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How to Write Better Poetry, Page 5

Robert Harris
Version Date: March 25, 2013

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The dialog continues.



Old Professor
Here’s another analogy. Car one is a brand new base model, a bottom of the line vehicle. Car two is the same make and model, but with air conditioning, tinted glass, electric windows, remote door locks, am/am stereo radio, CD player, navig—

Eager Young Poet
Yeah, yeah, I get it. The stripped model versus the loaded model. Which would I prefer? The loaded model, of course.

Old Professor
That’s right. But the loaded model is still the same basic car, only now with accessories, or, as you call them, fake tinsel. Why settle for the base model when you can have the deluxe model that will allow you and your audience to enjoy your poems for years to come?

Eager Young Poet
I think you’re starting to mix metaphors. And besides, Nobody writes poetry that way today. People would call it quaint.

Old Professor
I write poetry that way.

Eager Young Poet
Give them an opening and they’ll take it. Okay, let’s hear a poem you’ve written.

Old Professor
Thank you for indulging me. This one even has a title: “Better than a Glove on a Hand.”

O that I were a necklace on that skin,
A string of pearls surrounding loveliness,
And every pearl, O would it were a kiss:
I'd kiss by bead and then kiss round again.

I'd kiss by Zeno's paradox all day,
With each new kiss but half as far away.
With each new kiss the distance would diminish:
The more I kissed the more I'd never finish.


Eager Young Poet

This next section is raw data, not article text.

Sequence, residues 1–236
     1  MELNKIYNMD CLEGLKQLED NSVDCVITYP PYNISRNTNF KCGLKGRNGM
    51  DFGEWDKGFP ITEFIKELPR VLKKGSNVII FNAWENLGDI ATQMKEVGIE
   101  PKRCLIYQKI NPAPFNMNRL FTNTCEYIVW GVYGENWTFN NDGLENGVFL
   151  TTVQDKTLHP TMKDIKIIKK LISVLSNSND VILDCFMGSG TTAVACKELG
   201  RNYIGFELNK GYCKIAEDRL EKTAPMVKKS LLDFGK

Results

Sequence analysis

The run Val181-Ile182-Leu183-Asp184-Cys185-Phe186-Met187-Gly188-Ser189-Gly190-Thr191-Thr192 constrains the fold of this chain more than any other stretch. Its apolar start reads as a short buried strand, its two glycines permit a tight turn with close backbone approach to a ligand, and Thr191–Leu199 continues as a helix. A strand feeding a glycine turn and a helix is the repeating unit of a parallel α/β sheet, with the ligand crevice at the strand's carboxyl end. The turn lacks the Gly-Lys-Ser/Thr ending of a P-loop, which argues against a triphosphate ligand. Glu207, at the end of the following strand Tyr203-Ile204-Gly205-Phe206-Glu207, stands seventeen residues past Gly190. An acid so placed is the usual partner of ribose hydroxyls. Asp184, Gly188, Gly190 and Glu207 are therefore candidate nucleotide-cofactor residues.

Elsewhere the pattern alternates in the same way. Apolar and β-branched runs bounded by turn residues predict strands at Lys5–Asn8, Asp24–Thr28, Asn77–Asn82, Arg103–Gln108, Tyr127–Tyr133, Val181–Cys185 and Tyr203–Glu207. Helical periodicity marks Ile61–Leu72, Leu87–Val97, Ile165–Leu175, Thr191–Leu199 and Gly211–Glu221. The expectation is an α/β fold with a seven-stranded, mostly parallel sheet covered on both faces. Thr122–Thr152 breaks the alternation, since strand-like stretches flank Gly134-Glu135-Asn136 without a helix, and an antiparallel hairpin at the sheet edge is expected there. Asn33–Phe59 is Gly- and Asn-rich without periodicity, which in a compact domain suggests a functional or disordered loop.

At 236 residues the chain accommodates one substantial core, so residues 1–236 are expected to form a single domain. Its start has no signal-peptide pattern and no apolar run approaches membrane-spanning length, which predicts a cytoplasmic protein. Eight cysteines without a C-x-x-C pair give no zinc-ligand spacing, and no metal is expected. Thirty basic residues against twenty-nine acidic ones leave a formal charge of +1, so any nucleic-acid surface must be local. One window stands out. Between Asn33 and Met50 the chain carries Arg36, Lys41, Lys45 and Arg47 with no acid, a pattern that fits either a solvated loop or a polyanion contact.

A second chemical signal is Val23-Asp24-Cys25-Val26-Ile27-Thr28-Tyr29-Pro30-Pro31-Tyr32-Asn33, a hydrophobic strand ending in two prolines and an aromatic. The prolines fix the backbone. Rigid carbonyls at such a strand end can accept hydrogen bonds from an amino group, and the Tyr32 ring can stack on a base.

There you go. Add all that stuff you’re talking about and the poem becomes inscrutable. What’s a Zeno’s paradox, for instance, and what does a glove have to do with kissing?

Old Professor
Well, Zeno was a--.

Eager Young Poet
Um, thanks anyway, but I’ve really got to be going now.

Old Professor
Well, all right. I hope something that I said will encourage you to keep writing poetry and that you’ll work on your craft. Did anything I say make sense?

Eager Young Poet
Yeah, sure. Thanks. And nice talking to you.

Old Professor
Well, then, good bye, young poet. May every new poem be better than the one you wrote before. Oh, and a final word of advice. If you really want to be a poet, read a lot of poetry, especially the really good ones: George Herbert, John Donne, Shakespeare, John Milton, Alexander Pope, Emund Spenser, Philip Sidney. And there are many more, even modern ones like T.S. Eliot, and--.

Eager Young Poet
Yeah, well, thanks again. See ya.







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Robert Harris is a writer and educator with more than 25 years of teaching experience at the college and university level. RHarris at virtualsalt.com